Tuesday, May 01, 2007

Phenergans Wake: The short version.

There was one point this weekend where the nurse said, "I am going to give you the Finnegan injection first. That should help with the nausea."

"Finnegan?" I said.

"Phenergan," she said. It turns out to be an anti-nausea drug, not a major late modernist epic of surreal proportion. Though the experience was surreal too.

* * *

When I went to see the shoulder specialist on Friday, he determined that there was indeed an infection in my shoulder joint: hence some of the pain. In addition to the regular scary things about infections, particularly those caught in a hospital (in my case, the hospital where I got my arthrogram), the bacteria can degrade the cartiledge of the joint, so he wanted to get it out immediately.

Hence the surgery scheduled for Friday afternoon (i.e. cancelled physical therapy appointment, which, Joe, I believe might be the same as physiotherapy). So I went home and grabbed some things, and the PP picked me up and took me to a different hospital for the surgery. The checking in took a good long while, because it was short notice, but eventually we were checked in and waiting for a good long time in my new room (private!). They had to wait for my breakfast to be digested, and run bloodwork, and then wait for an operating room to open up, and then I had surgery around 6:00 p.m.

It seemed to go fine, and in addition to flushing the infection out of the joint, the surgeon got some "debris" out, which he thought might be related to the original pain. The whole procedure, including the knocking out and coming to, lasted about two and a half hours.

Then I spent the rest of the weekend and most of Monday in the hospital, letting the anesthesia wear off, taking pain medication, letting the wound heal so that they could take the drains out, getting my strength back so I could walk easily to the bathroom or up and down the hall a bit, removing the old IV line and putting in a PICC line (is like an IV but which can stay in the body for many weeks), and beginning physical therapy to get range of motion and strength back in the shoulder.

Now I am home, having come home last night around 7:30 p.m. I can hardly express how relieved I am to be home, but perhaps this example gives some sense: it is so nice not to have anyone come into my room at 11 p.m. (after I've been sleeping a couple of hours), turn on the lights, empty the trash, turn off the lights, and slam the door on their way out. Not to mention all the needle-sticks. And not to mention that for my first meal after 24 hours of fasting (with some IV drip I guess) was a breakfast consisting of a biscuit, sausage links, and grits. (Had no one heard of soup?)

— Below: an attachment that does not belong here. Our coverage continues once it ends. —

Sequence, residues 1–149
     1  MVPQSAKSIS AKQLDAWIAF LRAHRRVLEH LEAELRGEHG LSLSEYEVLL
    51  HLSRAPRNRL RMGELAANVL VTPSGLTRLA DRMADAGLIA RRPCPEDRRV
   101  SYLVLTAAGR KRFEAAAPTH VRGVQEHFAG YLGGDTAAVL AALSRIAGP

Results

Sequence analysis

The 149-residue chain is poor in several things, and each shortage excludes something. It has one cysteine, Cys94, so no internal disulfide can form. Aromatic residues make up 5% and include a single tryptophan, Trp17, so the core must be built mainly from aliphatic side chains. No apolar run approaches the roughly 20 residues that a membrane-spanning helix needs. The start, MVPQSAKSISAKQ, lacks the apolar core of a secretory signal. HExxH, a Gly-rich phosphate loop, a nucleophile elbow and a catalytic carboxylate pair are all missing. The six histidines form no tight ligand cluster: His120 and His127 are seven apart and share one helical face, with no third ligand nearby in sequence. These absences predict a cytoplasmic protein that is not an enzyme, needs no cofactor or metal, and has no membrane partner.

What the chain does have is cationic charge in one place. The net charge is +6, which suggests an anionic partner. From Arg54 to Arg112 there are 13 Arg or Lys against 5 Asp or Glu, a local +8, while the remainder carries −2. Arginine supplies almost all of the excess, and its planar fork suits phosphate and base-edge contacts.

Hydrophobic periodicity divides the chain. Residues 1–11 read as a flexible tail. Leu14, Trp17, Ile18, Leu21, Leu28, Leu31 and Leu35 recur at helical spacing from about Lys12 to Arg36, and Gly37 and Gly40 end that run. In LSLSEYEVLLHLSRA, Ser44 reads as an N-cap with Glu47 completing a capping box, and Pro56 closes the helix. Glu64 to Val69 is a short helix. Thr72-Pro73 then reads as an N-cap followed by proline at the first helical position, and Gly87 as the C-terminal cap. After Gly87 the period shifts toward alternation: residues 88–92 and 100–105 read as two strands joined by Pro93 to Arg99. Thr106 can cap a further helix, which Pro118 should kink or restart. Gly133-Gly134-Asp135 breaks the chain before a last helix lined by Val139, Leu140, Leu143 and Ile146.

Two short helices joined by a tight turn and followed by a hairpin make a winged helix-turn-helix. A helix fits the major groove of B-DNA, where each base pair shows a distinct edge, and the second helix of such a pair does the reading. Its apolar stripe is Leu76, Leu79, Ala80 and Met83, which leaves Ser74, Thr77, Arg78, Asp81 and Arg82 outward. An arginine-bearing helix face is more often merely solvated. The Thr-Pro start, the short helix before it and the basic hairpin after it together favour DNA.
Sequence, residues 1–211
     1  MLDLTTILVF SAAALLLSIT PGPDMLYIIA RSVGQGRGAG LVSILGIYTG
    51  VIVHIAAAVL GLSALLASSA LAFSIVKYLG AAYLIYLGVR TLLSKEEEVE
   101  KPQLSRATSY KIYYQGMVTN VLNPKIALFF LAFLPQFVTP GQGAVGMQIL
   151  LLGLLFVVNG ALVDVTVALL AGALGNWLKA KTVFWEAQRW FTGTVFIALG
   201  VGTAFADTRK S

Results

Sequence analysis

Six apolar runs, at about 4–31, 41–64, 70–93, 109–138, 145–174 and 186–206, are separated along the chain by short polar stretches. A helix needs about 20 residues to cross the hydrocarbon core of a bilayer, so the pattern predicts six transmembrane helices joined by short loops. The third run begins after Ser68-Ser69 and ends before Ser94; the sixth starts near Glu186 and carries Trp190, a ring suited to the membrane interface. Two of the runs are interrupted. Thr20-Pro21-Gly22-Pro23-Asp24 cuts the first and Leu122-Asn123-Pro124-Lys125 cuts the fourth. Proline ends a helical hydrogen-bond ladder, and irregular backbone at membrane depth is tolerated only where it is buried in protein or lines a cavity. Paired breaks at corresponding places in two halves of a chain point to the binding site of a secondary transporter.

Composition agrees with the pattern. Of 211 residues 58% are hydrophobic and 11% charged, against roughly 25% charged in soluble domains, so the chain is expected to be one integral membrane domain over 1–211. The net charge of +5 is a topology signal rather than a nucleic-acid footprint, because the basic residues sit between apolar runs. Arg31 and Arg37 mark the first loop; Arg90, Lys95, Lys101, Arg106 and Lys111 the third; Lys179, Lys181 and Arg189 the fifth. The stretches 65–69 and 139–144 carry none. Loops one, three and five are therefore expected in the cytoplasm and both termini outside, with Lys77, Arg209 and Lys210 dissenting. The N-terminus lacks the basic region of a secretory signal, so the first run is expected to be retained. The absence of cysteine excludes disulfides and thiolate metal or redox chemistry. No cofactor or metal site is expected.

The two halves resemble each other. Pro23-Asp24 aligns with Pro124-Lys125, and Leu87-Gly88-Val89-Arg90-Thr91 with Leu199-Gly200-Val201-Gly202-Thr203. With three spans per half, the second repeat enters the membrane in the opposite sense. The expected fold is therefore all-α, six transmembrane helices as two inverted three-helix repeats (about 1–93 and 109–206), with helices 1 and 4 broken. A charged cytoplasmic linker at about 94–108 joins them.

But we are home. I still have a PICC line in, which allows me to get my antibiotics injected everyday, and it allows them to draw blood without sticking me yet again. Last night I had a bath! I am still taking some pretty prime pain meds and yes, the pheneran for nausea. I understand the antibiotics will probably go 2-3 weeks. In the meantime I do physical therapy 3 times a day, and a therapist comes to the house 3 times a week.

Just wanted to fill you in. Obviously I will not be thinking about swimming for a while, but once the PICC line is out, I may begin some water therapy.


estaminet said...

Welcome home! I missed your voice!

NCMarcus said...

Hope you are feeling better and having plenty of relaxing baths and knitting sessions!

Timothy said...

Glad to hear you survived the experience--and that they found it so quickly. So: Phenergan, begin again!

Scott said...

Well at least now Isis you can take comfort your shoulder surgery wasn't elective if your shoulder doesn't get back to full 100% use. But enough of the negative talk. Here's to seeing a quick and complete recovery in your future.

Joe said...

Wow. That's quite an eventful last few days. Get well.

MartyTheFool said...

Healing vibes Isis!

I was worried about where you were.

Loved your humorous analogy to Finnegan's wake.

Healing roads are just like training, you can do this!